Let’s hug it out at USJ.

The above picture is my three-year-old daughter hugging Hello Kitty at Universal Studios Japan. She had no idea she was going to meet Hello Kitty and was totally surprised by what turned out to be one of the happiest moments of her life at that point. That was in 2019 though, and now six years old, she’s spent about half her life dealing with social restrictions, school closures, canceled events, hardly seeing anyone’s face in public, and all the other effects of the pandemic.

She’s probably too old to get quite the same kick out of it now, but it’s at least comforting to know that other little kids can get to have the same experience again. Since 8 May, in line with the government’s downgrading of COVID-19 to a category 5 illness, USJ has lifted its moratorium on hugging and high-fiving the various costumed characters that roam the park.

▼ Finally! I’ve been wanting to high-five this guy for so long…

The move also coincides with the park’s Thanks Love Month which straddles Mothers’ Day and Fathers’ Day but is intended to celebrate appreciation for everyone in one’s life by slapping heart-shaped thank-you stickers on each other.

In March 2020, USJ closed down completely for three months while state of emergency orders were in effect for several prefectures. It reopened in June but with limited attendance, limited attractions, and numerous safety rules and guidelines such as no touching the mascots.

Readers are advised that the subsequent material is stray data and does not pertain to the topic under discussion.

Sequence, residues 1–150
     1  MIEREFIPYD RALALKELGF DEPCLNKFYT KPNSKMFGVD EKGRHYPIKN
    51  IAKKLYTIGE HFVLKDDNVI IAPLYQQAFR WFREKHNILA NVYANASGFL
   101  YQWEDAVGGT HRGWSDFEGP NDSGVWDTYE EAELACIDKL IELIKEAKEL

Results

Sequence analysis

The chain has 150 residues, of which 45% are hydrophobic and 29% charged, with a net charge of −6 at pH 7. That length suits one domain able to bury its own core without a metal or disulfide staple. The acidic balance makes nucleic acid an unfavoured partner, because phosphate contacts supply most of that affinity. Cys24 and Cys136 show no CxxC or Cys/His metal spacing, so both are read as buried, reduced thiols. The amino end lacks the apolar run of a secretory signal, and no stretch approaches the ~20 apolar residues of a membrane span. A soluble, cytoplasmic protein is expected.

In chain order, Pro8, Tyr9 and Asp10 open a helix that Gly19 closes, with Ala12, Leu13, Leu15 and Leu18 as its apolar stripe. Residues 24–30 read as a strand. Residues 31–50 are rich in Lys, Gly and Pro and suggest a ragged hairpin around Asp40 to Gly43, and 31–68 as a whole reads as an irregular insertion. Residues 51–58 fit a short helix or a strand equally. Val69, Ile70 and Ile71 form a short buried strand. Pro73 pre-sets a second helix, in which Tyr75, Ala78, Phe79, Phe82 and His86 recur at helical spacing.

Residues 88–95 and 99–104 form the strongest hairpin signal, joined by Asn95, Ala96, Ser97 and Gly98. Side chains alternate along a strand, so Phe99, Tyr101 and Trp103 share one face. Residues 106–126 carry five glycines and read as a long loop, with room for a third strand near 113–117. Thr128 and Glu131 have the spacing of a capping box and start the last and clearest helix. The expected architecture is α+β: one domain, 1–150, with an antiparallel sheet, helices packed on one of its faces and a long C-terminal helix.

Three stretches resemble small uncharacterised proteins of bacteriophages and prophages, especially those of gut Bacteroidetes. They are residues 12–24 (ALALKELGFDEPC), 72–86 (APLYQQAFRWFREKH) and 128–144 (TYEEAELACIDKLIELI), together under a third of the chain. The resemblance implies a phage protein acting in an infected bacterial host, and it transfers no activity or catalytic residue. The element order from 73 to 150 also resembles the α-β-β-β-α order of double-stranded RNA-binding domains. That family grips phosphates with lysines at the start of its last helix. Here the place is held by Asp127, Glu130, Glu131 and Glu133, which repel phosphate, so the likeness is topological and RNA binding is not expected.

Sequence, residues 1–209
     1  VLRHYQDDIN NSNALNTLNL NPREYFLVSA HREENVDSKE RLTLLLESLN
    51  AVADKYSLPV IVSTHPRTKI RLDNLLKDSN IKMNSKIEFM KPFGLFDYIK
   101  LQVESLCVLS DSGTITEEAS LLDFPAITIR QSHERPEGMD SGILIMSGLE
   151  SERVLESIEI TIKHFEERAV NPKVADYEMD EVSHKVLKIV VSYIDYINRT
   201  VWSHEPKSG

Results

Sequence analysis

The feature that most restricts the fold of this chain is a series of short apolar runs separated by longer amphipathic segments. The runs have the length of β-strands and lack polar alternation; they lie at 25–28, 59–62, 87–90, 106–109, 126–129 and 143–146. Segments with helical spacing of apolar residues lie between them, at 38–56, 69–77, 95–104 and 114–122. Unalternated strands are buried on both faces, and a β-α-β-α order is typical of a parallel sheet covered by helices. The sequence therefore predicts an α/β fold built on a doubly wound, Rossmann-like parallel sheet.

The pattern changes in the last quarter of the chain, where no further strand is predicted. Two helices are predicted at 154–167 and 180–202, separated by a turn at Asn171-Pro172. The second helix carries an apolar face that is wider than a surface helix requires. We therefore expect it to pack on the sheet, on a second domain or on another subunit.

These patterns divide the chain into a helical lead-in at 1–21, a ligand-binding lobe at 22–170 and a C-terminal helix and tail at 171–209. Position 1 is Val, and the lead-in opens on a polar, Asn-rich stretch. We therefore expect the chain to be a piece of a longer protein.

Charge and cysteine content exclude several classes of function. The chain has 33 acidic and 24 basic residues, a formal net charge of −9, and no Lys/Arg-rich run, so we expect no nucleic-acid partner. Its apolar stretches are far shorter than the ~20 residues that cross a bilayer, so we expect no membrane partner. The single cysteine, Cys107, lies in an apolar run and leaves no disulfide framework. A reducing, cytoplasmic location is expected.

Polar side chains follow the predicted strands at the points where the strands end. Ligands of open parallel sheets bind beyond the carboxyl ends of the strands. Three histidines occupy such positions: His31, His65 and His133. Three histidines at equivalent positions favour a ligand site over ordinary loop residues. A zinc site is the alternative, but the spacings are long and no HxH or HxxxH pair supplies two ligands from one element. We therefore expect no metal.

But as the months and years passed by, these restrictions were gradually relaxed to the point that this latest move is bringing USJ back to pretty much how it was before the pandemic.

▼ In this news report from 8 May, a fair number of visitors voluntarily masking up can still be seen, but that’s not a far cry from pre-COVID Japan.

There’s an argument to be made that it’s too soon to be getting this relaxed as COVID-19 still has the potential to cause long-lasting and debilitating aftereffects. But it’s also fair to say that costumed mascots are probably among the lowest-risk people to transmit the disease with their masks to end all masks. Any aerosol droplet would have a really hard time making it all the way through Snoopy’s elongated snout, and Toad over in Super Nintendo World is like 50 percent mask. Speaking of which, the Mario and Luigi characters even have mouths that move, suggesting some sort of mechanical device is also between the mouth of the person inside and everyone around them.

▼ And don’t get me started with the Minions… I have no idea what’s going on inside those things.

So while the practice of wearing a face mask is still divisive among people, we can probably largely agree that it’s safe to let the mascots be free to do what they do. It’s a small thing that could make a world of difference to some kids out there.

Source: YTV
Photos ©SoraNews24
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